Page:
The coronavirus outbreak, the subsequent passage of the CARES Act by the federal government, and current low interest rates have changed the landscape of charitable contributions and planning in 2020.
The CARES Act changes the limitations on charitable giving to encourage individuals and corporations to make cash contributions to public charities.
- Above-the-line deduction. Under prior rules, individuals who do not itemize their deductions on their income tax returns could not take a charitable deduction for cash contributions to qualified charities. The passage of the Tax Cuts and Jobs Act of 2017 drastically reduced the number of individuals who chose to itemize deductions by (a) raising the standard deduction to $12,400 for single taxpayers and $24,800 for taxpayers that are married filing jointly, and (b) capping the deduction for state and local taxes at $10,000. The CARES Act adds a new above-the-line deduction that allows an individual who does not itemize to deduct up to $300 of cash contributions to a qualified charity. This is in addition to the standard deduction.
- Relaxed limitations on deductions for individuals. For individuals who choose to itemize, IRC Section 170(b)(1) limited the deduction for cash contributions to qualified charitable organizations to 60% of the individual’s adjusted gross income. Under the CARES Act, however, the deduction for cash contributions to a qualified charitable organization in 2020 is increased to 100% of the individual’s adjusted gross income. If the contribution exceeds the limitation, the individual can still carry forward and utilize the excess amount over the following five years.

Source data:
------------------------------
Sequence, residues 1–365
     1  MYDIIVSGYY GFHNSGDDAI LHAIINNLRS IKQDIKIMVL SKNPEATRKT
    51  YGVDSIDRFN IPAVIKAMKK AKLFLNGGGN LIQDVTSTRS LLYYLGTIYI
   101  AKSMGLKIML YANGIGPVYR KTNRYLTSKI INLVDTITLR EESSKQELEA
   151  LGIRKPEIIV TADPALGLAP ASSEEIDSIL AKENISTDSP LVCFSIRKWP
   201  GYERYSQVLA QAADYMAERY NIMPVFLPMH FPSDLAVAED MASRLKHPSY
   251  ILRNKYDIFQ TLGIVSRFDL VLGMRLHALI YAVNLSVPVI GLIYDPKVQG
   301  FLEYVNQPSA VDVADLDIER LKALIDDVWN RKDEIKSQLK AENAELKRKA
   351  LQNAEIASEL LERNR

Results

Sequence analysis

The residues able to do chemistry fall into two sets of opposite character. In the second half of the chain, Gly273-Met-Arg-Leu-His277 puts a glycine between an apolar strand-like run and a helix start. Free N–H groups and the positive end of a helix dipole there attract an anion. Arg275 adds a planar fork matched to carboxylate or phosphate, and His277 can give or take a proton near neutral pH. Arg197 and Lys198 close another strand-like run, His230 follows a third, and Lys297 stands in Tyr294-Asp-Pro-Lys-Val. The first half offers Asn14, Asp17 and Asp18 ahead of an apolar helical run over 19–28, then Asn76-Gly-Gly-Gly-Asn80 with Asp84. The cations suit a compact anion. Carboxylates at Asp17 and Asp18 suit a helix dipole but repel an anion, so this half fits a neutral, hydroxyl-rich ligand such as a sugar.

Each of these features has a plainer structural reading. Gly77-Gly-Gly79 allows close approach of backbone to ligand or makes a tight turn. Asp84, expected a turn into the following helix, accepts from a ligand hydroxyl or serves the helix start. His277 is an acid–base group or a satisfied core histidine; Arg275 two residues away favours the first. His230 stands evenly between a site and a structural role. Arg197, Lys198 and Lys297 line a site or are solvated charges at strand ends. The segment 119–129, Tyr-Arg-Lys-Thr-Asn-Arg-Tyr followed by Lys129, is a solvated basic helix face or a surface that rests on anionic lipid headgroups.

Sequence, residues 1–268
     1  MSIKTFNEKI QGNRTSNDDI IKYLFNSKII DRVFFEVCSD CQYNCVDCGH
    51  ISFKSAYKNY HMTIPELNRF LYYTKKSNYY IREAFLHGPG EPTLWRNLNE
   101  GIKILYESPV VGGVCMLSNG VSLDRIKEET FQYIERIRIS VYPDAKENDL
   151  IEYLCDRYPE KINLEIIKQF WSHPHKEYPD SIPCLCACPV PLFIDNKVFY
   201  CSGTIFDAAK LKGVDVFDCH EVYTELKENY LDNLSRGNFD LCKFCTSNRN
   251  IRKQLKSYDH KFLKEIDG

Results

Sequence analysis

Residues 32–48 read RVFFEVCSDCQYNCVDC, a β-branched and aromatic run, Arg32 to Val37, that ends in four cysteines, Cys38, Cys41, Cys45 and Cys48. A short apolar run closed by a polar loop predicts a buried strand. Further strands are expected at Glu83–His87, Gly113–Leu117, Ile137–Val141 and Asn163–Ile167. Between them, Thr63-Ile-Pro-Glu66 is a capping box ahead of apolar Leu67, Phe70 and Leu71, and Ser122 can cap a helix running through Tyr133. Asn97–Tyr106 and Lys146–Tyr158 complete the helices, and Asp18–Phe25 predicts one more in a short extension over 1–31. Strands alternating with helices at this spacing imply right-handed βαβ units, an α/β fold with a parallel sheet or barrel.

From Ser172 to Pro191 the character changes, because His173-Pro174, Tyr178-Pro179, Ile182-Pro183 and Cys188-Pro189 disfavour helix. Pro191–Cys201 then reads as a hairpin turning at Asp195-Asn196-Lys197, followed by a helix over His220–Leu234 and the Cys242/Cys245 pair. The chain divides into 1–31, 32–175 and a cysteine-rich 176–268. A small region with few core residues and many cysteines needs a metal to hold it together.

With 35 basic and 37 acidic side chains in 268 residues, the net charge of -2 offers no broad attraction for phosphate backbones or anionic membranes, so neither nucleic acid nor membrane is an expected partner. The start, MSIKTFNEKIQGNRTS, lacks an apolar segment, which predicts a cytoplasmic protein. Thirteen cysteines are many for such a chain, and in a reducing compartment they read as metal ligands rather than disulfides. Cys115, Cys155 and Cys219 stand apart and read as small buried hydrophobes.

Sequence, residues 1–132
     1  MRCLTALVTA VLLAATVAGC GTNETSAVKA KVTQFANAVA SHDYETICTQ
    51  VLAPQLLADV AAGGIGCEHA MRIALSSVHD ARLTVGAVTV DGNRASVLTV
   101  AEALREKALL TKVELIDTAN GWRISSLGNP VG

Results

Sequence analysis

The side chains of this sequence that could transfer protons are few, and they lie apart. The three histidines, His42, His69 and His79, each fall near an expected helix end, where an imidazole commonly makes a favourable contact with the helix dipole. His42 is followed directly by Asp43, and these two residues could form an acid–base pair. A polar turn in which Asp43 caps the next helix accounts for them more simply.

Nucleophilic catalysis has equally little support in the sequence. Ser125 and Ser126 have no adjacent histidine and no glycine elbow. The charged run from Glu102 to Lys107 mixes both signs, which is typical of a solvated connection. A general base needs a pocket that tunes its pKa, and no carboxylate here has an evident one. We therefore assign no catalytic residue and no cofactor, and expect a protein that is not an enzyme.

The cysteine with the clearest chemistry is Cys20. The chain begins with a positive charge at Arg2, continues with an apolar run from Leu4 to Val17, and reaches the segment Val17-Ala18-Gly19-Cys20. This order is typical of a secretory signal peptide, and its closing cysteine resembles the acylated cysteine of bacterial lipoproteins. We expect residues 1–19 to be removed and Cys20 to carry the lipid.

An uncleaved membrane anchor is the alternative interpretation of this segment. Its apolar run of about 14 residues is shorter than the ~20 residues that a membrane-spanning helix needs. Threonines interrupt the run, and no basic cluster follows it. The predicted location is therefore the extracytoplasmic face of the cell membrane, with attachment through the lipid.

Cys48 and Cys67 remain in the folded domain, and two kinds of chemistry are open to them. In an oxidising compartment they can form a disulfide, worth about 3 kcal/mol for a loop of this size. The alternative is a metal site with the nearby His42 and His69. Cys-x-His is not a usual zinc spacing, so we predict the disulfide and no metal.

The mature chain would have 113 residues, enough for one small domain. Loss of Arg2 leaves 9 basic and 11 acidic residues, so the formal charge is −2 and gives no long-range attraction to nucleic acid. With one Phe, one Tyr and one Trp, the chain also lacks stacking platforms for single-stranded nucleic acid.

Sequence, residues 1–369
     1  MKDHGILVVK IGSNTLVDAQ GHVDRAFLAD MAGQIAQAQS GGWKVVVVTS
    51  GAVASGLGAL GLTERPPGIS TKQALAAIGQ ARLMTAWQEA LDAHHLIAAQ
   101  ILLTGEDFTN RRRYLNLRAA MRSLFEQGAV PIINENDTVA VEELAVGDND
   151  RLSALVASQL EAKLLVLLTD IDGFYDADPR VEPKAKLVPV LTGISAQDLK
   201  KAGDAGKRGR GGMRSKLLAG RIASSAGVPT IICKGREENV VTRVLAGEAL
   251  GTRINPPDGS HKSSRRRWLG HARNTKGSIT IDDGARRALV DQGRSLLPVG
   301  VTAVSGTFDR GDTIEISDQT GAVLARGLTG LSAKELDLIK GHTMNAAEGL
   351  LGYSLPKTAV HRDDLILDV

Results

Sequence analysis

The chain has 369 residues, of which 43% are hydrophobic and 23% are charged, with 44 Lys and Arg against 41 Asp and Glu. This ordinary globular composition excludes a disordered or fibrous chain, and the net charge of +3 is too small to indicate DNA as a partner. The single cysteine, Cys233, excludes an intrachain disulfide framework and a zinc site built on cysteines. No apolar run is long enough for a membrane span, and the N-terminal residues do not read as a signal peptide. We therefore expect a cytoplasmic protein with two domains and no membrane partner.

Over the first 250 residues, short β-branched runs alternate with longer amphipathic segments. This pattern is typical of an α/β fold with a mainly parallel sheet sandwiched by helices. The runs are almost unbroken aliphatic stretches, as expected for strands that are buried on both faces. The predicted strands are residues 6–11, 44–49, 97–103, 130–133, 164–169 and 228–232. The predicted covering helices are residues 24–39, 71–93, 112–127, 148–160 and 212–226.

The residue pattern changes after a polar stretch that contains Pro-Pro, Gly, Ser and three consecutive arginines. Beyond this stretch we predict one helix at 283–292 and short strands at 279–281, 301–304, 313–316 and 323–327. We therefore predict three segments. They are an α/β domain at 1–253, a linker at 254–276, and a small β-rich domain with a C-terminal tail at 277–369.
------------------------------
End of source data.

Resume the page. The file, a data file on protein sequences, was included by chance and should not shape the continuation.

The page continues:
- Relaxed limitations on deductions for corporations. Under prior law, corporate deductions for cash contributions to qualified charities were limited to 10% of taxable income. The CARES Act increases this limitation for cash contributions to qualified charities in 2020 to 25% of the taxable income of such corporation. The corporation can also carry forward and utilize any access amount over the following five years. In addition to the increase in the limitation for deductions of cash contributions, the limitation for deductions of contributions of food inventory by a corporation is also increased from 15% to 25%.
- Qualified charitable organizations. Cash contributions must be made to a public charity and cannot be made to a donor advised fund or private foundation.
The low interest rates that resulted in the wake of the coronavirus outbreak create an opportunity for individuals that are charitably inclined but also want to plan for future generations to utilize a Charitable Lead Annuity Trust or CLAT.
A CLAT is a trust that most often provides an annuity payment to a charity for a predetermined term of years. At the end of the term, the remaining assets can be used to fund a trust for the grantor’s family members. At the start, the grantor receives an income tax deduction based on the fair market value of the present interest of the annuity payments going to charity. The grantor also uses a small portion of his or her federal estate and gift tax exemption based on the remainder interest going to the trust for his or her family.
The historic low interest rates result in a higher income tax deduction providing an immediate benefit to the grantor. If the assets contributed to the CLAT outperform the estimated rate of return based on these low interest rates, the grantor’s family would also receive considerable assets while using minimal federal estate and gift tax exemption. This situation could be ideal for an individual who has a large income tax burden and was already considering providing for charities.
For individuals that are looking to make charitable gifts in 2020, the CARES Act and the current interest rate environment provide several options.
*As the law continues to evolve on these matters, please note that this article is current as of date and time of publication and may not reflect subsequent developments. The content and interpretation of the issues addressed herein is subject to change. Cole Schotz P.C. disclaims any and all liability with respect to actions taken or not taken based on any or all of the contents of this publication to the fullest extent permitted by law. This is for general informational purposes and does not constitute legal advice or create an attorney-client relationship. Do not act or refrain from acting upon the information contained in this publication without obtaining legal, financial and tax advice. For further information, please do not hesitate to reach out to your firm contact or to any of the attorneys listed in this publication.